Faculty Profile

Sarah Niebler

Assistant Professor of Political Science (2013)

Contact Information


Denny Hall Room 19


  • B.A., Muhlenberg College, 2004
  • M.A., Lehigh University, 2005
  • M.A., University of Wisconsin-Madison, 2008
  • Ph.D., 2012

2014-2015 Academic Year

Fall 2014

POSC 120 American Government
A basic introductory course in American federal government which emphasizes its structure and operation. Special attention is given to the executive, legislative, and judicial processes.

POSC 239 Research Methods
Helps the student answer (in the affirmative) the question, "Is political science a science?" Students will learn how to generate and test hypotheses through creating and executing research designs. Survey research, experimentation, content analysis, participant observation, and other methodologies will be studied. Although no prior knowledge of statistics is necessary, Math 120 and/or Math 121 are helpful. This class is especially recommended for prospective graduate students in the social sciences.This course fulfills the DIV II distribution requirement and QR graduation requirement.

POSC 390 Campaigns and Elections
The purpose of this seminar is to examine and analyze the role of the political campaign in the American political system. We will look at key aspects of campaigns – candidates; money; polling; advertising; and media – as we read current research on the state of campaigning in the United States. Since this seminar occurs during an election season, students should expect to actively engage with current events, relating course topics to what they are observing in the day-to-day campaigns of the midterm elections. Political pundits and commentators generate a tremendous amount of analysis, commentary, and predictions about American elections; however, in this class we will move beyond these types of comments and attempt to understand how voters decide and how campaigns persuade.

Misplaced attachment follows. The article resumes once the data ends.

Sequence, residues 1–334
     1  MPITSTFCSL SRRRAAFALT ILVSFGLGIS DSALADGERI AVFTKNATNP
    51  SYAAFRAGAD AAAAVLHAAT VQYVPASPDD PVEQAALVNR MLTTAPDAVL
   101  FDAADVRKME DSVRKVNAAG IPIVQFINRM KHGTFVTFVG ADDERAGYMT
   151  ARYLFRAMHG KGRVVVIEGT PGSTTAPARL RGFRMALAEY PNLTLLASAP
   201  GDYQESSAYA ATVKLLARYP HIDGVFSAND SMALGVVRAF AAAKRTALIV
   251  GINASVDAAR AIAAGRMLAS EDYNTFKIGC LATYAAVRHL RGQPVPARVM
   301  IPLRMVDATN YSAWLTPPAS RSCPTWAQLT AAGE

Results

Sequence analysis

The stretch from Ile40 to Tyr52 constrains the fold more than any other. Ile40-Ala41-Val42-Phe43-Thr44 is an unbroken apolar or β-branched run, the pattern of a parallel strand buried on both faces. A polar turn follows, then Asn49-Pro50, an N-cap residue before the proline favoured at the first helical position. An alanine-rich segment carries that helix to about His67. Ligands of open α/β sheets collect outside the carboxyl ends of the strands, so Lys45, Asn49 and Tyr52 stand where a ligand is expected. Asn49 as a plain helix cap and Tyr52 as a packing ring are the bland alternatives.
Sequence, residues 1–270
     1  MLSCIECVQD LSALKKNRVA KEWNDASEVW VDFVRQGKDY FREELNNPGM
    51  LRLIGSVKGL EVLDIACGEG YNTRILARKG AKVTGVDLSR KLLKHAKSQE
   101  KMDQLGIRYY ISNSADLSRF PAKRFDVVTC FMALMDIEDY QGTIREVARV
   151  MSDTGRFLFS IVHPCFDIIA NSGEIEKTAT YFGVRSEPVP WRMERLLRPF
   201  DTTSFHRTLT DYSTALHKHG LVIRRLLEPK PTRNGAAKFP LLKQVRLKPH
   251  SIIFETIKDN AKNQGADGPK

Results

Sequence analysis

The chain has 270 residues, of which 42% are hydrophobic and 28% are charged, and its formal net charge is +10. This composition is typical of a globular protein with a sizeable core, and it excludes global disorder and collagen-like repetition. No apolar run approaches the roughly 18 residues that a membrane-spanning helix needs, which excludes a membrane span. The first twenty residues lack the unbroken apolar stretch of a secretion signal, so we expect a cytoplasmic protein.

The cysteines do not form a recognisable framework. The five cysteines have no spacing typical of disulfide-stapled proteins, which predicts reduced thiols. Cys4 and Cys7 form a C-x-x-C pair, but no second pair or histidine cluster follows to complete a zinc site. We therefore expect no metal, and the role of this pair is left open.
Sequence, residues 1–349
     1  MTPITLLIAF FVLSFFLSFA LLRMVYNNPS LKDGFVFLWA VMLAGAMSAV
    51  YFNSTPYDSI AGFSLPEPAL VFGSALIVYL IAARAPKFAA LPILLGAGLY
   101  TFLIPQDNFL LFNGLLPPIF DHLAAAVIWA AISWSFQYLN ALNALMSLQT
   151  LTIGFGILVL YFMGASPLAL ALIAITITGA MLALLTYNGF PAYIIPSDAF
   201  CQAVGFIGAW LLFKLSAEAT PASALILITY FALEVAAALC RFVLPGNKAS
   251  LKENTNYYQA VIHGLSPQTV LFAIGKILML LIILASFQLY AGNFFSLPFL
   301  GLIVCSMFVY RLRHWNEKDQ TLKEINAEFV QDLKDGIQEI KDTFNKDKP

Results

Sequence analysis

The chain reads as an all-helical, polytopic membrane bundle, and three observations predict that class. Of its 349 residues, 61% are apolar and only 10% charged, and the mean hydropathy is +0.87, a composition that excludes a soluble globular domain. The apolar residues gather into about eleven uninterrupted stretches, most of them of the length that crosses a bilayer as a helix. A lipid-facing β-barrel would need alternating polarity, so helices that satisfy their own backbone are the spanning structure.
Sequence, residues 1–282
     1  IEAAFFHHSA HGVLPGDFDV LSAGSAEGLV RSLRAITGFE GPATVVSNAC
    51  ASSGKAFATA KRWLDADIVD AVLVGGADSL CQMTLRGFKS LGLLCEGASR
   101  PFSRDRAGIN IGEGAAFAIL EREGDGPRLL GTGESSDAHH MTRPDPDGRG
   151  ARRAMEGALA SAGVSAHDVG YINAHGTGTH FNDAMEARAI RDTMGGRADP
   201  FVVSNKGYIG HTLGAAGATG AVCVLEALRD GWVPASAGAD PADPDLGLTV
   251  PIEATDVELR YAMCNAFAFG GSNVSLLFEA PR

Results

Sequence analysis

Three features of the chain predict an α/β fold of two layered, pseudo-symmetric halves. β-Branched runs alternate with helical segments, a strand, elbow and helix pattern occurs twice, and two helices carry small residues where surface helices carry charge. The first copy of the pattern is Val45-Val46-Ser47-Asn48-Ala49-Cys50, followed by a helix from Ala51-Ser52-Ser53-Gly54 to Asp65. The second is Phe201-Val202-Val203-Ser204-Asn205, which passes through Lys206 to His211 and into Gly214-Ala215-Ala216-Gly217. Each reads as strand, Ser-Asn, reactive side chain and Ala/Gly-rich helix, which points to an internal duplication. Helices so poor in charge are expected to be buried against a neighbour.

Spring 2015

POSC 244 Public Opinion
Examines the origins, nature, and impact of public opinion in the United States. The ways that the public's attitudes are shaped and used by interest groups, politicians, and the mass media will be discussed. Methods of measuring public opinion, with special attention to polling, will be studied. Prerequisite: 120, or permission of the instructor. This course fulfills the DIV II social sciences distribution requirement and QR graduation requirement.

POSC 245 Pol Parties & Interest Groups
A study of the functions, structures, and operations of American political parties and interest groups. Special attention is given to the techniques of running a campaign for office, to the role of the media in superseding American parties, and to the interactions of government with the two largest "interest groups": business and labor. Prerequisite: 120, or permission of the instructor.

POSC 550 Independent Research